Insecurity + Uncertainty

During today's Rituals + Retreats online mastermind session, we discussed the difference between insecurity and uncertainty, and how to navigate them both. For those of you who are interested, but were unable to attend, I wanted to take a moment to recap what we discussed.

First of all, I strongly believe that broadening your vocabulary around emotions, and intentionally shifting your awareness towards recognizing them, is crucial for tapping into your own self-discovery.

What I like about comparing insecurity and uncertainty is that they demonstrate how two emotional states can be closely related, while being completely different.

Insecurity is defined as: "uncertainty or anxiety about oneself," or "the state of being open to danger or threat."

Uncertainty is defined as: "something that is doubtful or unknown."

Even by definition, insecurity can include uncertainty, yet they are distinct in other ways. So, let's dive into them...

To feel insecure is to not feel safe, or to feel unsafe.

To feel uncertain is to not know, or to be unsure.

Recognizing that either one is coming up for you, allows you to learn about your own fear-based response.

Do I feel unsafe? -> Am I unsafe? Oftentimes, we may unconsciously feel unsafe, when the reality is that we're not actually being threatened. We can reinforce our safety in these moments, by coming to awareness in the present moment, and taking note of the ways that we are truly safe. But if you are unsafe, then you're simply recognizing that what you're feeling has a reason, and so, what do you need now in order to feel safe again? What can you do to get that need met?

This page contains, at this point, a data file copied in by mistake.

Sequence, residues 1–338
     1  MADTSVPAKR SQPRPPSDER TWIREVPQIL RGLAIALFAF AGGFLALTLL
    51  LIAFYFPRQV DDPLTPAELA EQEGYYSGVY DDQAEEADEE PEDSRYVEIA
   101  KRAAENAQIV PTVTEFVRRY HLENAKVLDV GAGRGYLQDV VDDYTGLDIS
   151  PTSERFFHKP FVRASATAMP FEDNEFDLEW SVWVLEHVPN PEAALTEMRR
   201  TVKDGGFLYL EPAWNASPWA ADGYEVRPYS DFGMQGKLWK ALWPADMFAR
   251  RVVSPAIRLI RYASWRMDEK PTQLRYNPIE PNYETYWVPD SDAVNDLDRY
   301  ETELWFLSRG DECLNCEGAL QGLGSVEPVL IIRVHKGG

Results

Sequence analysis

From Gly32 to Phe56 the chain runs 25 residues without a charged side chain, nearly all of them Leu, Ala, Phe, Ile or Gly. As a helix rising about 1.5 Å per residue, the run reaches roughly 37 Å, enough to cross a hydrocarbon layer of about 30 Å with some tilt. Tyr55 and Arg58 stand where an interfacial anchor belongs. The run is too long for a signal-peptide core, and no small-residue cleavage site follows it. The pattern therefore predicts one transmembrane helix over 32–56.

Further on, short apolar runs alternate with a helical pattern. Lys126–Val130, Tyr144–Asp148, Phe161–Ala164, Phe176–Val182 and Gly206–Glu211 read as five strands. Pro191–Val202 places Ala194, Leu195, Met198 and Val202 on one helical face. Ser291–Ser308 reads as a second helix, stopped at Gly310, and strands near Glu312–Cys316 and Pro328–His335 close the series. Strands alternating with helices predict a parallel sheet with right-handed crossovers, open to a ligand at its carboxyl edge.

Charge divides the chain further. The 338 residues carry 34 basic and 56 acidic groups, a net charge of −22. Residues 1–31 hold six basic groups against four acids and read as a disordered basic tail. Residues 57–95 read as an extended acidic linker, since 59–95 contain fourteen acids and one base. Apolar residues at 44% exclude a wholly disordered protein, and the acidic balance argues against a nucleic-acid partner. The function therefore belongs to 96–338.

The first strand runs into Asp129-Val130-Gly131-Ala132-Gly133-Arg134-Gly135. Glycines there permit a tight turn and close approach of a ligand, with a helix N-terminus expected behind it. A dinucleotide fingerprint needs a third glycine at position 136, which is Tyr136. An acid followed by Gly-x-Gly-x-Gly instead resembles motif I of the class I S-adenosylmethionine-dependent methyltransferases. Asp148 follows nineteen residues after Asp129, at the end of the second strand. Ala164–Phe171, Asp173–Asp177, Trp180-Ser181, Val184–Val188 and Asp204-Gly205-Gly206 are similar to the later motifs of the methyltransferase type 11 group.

The same goes for uncertainty. Do I feel uncertain? -> Am I uncertain? Sometimes, we're not actually uncertain, we simply don't like or feel like acknowledging what it is we know. So, to distinguish between: "Do I truly not know?" and "What do know that perhaps I don't want to know?" can be quite helpful.

Once we establish or knowing or unknowing, we can move forward. A certainty of life is that we will never know everything. Uncertainty is non-negotiable; but how we deal with it can greatly affect our experience thereof.

As we navigate this terrain, we shift from awareness to action by asking ourselves the following:

Knowing what I know, how would I like to proceed?

An element of forgiveness is rooted in the awareness that we made the best decision with what we knew at the time. If we could have chosen differently, we would have, so let's accept that there were reasons we did what we did. The past is the past, so all we can do now is look at our reasons, learn from them, and decide whether we'd like to follow different priorities in the future. This is part of being human, choosing to grow, and allowing ourselves to heal the past by learning from our mistakes.

Give yourself some grace. We're all navigating this life the best we can. Aren't we?

With that said, do you know what your reasons are? Do you want to miss out on something potentially great because you weren't down with not knowing? Or, do you want to embrace what you do know, and make the best decision you can? The beauty is...the choice is always there.